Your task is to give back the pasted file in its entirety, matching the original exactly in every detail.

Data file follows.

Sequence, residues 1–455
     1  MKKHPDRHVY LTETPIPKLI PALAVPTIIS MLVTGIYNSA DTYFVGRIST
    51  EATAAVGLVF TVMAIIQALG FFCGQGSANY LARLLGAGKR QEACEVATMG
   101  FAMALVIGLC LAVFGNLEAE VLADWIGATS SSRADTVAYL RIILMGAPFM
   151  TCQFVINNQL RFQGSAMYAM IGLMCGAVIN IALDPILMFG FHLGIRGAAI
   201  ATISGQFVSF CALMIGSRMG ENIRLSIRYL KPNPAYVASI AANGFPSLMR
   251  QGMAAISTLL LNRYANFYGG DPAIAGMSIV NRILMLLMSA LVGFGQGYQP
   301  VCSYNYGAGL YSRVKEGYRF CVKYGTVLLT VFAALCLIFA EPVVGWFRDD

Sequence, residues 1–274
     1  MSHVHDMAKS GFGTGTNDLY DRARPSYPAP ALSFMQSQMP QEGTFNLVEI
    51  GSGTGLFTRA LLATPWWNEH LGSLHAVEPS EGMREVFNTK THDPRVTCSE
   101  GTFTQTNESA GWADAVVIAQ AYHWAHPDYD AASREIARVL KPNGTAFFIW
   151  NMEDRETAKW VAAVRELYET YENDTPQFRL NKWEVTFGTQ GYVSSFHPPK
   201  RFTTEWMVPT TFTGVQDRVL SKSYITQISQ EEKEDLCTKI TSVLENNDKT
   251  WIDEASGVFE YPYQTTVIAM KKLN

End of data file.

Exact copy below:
Sequence, residues 1–455
     1  MKKHPDRHVY LTETPIPKLI PALAVPTIIS MLVTGIYNSA DTYFVGRIST
    51  EATAAVGLVF TVMAIIQALG FFCGQGSANY LARLLGAGKR QEACEVATMG
   101  FAMALVIGLC LAVFGNLEAE VLADWIGATS SSRADTVAYL RIILMGAPFM
   151  TCQFVINNQL RFQGSAMYAM IGLMCGAVIN IALDPILMFG FHLGIRGAAI
   201  ATISGQFVSF CALMIGSRMG ENIRLSIRYL KPNPAYVASI AANGFPSLMR
   251  QGMAAISTLL LNRYANFYGG DPAIAGMSIV NRILMLLMSA LVGFGQGYQP
   301  VCSYNYGAGL YSRVKEGYRF CVKYGTVLLT VFAALCLIFA EPVVGWFRDD

Sequence, residues 1–274
     1  MSHVHDMAKS GFGTGTNDLY DRARPSYPAP ALSFMQSQMP QEGTFNLVEI
    51  GSGTGLFTRA LLATPWWNEH LGSLHAVEPS EGMREVFNTK THDPRVTCSE
   101  GTFTQTNESA GWADAVVIAQ AYHWAHPDYD AASREIARVL KPNGTAFFIW
   151  NMEDRETAKW VAAVRELYET YENDTPQFRL NKWEVTFGTQ GYVSSFHPPK
   201  RFTTEWMVPT TFTGVQDRVL SKSYITQISQ EEKEDLCTKI TSVLENNDKT
   251  WIDEASGVFE YPYQTTVIAM KKLN